A Call to Work

A Call to Work: Reconciling the notions of calling and vocation

The film Moana tells the tale of a Polynesian princess on a quest to save her tribe and its dying island by restoring the stolen heart of the sea, a stone of the island goddess, Te Fiti. Moana, however, fundamentally revolves not around restoring the heart of the sea back to its rightful place in the world but around searching for personal calling and finding one’s place in the world. Throughout her life, Moana experiences and struggles with the feeling of calling by the waters of the ocean despite her call by her father to stay on the island and prepare to be the next ruler of the tribe. In fact, she sings song, “How Far I’ll Go,” to contrast her feelings of being called in two directions. The song contrasts her call by the ocean to explore – “But I come back to the water, no matter how hard I try… Every path I make, every road leads back// To the place I know, where I can not go, where I long to be” – with her call by society to fit into a predefined role of future chieftain – “everybody on this island has a role on this island// so maybe I can roll with mine.” Moana’s internal struggle is to find and fulfill her true calling, which she equates to finding her true self, either to explore the ocean or serve her people as their next chieftain. Moana, ultimately, chooses to follow the ocean; inadvertently, she also saves her people in the process.

Moana reflects the human desire for a grandiose purpose in life. This film suggests that we, as humans, have one life calling or lofty goal that we must attain in order to be happy – we only need to figure out what it is. Moreover, Moana supposes that our calling should take us out of the ordinary, for we can only fulfill it by defying expectations set by society or typical human limitations. It supposes that our calling must be extraordinary. The sea calls Moana to leave every single physical thing she has ever known, deny the wishes of her chieftain father, and travel into the great unknown.

The search and fulfillment of a big life calling, as found in Moana, is exciting and appealing – presumably the reason for the movie’s box office success. Such narratives, however, can set unattainable expectations. Some people may spend their lives chasing the unsatisfactory winds of a supposed calling, and others will never find a passion to chase. A great deal of us may feel unfulfilled with our lives because our daily jobs, that is, our vocation, which fill much of our time, do not meet these expectations for calling. As a result, we feel a fundamental disconnect between our calling and our vocation. But, perhaps these need not be at odds; perhaps through looking at a narrative different than the one expressed in Moana, we can reconcile calling and vocation. Through examining the biblical notions of calling and vocation, we will see how these seemingly opposites – a longing for something grand and the reality of the mundane – actually complement each other. Moreover, we will see how calling and vocation are the same and apply to all of life. Such a narrative will give meaning to all our work and provide us with a better narrative around which we can order our lives.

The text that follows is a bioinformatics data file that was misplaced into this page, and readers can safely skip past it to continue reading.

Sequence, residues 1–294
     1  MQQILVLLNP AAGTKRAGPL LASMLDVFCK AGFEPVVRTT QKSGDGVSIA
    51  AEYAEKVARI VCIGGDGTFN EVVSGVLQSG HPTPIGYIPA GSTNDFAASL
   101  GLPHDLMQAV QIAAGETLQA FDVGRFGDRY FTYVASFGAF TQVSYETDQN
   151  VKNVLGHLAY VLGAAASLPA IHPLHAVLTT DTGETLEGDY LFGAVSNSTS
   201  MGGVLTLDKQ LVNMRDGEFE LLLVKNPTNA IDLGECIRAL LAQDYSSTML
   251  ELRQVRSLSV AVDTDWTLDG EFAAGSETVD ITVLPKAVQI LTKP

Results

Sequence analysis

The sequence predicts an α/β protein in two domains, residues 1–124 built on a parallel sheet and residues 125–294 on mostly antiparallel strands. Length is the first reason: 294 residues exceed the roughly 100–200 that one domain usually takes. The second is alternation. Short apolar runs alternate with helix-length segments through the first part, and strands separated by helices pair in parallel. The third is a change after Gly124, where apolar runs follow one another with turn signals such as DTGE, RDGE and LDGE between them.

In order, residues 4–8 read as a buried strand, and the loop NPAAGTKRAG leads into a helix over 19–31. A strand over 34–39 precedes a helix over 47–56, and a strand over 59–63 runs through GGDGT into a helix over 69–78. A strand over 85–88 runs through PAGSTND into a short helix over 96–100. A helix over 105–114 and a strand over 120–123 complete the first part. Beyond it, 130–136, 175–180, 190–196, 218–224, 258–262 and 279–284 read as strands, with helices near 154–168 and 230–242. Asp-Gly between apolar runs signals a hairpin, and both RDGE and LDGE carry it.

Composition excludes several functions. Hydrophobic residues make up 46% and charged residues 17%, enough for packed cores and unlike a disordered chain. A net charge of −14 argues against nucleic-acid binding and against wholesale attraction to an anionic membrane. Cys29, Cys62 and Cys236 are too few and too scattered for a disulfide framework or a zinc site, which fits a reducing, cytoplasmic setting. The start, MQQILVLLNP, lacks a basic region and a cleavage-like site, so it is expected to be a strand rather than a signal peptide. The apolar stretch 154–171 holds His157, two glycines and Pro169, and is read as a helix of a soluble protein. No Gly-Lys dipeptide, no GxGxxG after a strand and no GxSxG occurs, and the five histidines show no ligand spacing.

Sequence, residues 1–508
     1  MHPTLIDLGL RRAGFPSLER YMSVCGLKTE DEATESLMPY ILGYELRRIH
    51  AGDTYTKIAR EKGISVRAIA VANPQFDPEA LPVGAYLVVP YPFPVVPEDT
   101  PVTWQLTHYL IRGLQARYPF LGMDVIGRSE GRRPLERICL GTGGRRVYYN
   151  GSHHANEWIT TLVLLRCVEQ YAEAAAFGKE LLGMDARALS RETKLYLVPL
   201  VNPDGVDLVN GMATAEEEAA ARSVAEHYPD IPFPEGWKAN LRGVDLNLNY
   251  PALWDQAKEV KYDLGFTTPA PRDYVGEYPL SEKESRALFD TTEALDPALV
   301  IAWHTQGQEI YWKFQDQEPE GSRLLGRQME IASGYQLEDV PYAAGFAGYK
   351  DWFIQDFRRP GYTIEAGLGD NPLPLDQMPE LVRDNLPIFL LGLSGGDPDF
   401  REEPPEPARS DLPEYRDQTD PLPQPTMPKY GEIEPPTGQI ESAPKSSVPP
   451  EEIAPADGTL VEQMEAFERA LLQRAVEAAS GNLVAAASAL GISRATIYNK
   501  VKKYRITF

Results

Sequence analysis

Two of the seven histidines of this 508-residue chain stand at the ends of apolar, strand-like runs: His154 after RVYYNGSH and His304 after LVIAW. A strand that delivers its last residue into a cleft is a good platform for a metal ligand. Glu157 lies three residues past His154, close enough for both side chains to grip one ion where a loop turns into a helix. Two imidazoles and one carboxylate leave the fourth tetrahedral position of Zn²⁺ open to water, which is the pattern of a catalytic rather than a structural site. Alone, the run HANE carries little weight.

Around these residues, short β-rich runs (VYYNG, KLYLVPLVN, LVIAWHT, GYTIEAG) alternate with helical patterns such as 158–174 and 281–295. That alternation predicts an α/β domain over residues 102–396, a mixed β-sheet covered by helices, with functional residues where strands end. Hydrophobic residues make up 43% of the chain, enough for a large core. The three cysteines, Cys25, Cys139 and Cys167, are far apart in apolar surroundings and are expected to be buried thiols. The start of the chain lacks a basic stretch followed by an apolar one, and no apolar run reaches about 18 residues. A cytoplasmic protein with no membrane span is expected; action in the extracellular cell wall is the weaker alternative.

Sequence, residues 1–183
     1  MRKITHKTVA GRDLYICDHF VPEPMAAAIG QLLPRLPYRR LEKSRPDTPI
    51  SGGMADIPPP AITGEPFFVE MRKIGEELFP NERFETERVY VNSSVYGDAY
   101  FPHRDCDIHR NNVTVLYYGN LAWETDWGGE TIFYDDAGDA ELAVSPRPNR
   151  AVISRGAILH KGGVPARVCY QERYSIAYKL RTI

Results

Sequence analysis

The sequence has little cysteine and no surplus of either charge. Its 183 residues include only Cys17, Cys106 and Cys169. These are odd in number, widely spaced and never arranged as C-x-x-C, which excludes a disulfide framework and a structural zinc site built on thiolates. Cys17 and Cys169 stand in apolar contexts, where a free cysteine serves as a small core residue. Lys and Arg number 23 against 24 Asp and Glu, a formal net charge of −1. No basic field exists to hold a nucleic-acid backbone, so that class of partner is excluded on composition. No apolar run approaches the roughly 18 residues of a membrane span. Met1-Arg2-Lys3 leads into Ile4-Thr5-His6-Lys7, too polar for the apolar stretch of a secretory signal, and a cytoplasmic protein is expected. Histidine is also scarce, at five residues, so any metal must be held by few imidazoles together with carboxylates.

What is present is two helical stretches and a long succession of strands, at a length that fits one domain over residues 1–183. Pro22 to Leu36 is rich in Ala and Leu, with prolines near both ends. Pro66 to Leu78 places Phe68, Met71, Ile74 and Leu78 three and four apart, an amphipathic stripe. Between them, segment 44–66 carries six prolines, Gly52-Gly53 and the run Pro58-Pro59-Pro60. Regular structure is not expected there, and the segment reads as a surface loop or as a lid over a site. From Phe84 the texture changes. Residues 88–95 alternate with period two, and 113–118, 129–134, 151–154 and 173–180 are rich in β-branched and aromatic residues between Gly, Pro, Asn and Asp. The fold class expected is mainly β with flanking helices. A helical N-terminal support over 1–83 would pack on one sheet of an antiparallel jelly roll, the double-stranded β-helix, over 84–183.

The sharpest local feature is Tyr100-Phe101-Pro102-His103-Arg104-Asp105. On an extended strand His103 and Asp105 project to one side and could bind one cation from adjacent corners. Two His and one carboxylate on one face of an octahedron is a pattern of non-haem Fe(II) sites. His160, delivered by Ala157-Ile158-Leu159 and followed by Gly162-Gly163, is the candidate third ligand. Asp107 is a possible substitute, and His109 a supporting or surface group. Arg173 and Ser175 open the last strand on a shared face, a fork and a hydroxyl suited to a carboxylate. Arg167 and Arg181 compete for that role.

Moana is one expression of the way vocation and calling are set against each other in society today. Vocation tends to mean a person’s paid work and often occurs in the context of certain types of training. In the United States, “vocational training” often refers to education at a technical school which prepares a person for a specific trade such as auto mechanics or carpentry. Vocation often carries a connotation of a mundane life or one filled with drudgery.

By contrast, people refer to their calling as some great task they feel obligated to fulfill. Such tasks can be related to a profession and include starting an orphanage in Rwanda as an educator, addressing sex trafficking in Bangladesh as a social worker, or starring in a rock band as a musician. Such tasks can also include activities someone loves or does well but are not related to profession. Someone may call working as a receptionist his vocation but painting watercolors his calling.[1]

Some Christians echo this understanding of the relationship between vocation and calling as two separate things that occasionally overlap; they view Christian calling as a grandiose purpose related to the church and vocation as the specific job one holds in order to fulfill this calling. For these Christians, a job merely provides financial stability to do the important work in the church such as teaching Sunday school or organizing meals for the homeless, activities which are somehow more godly than their jobs.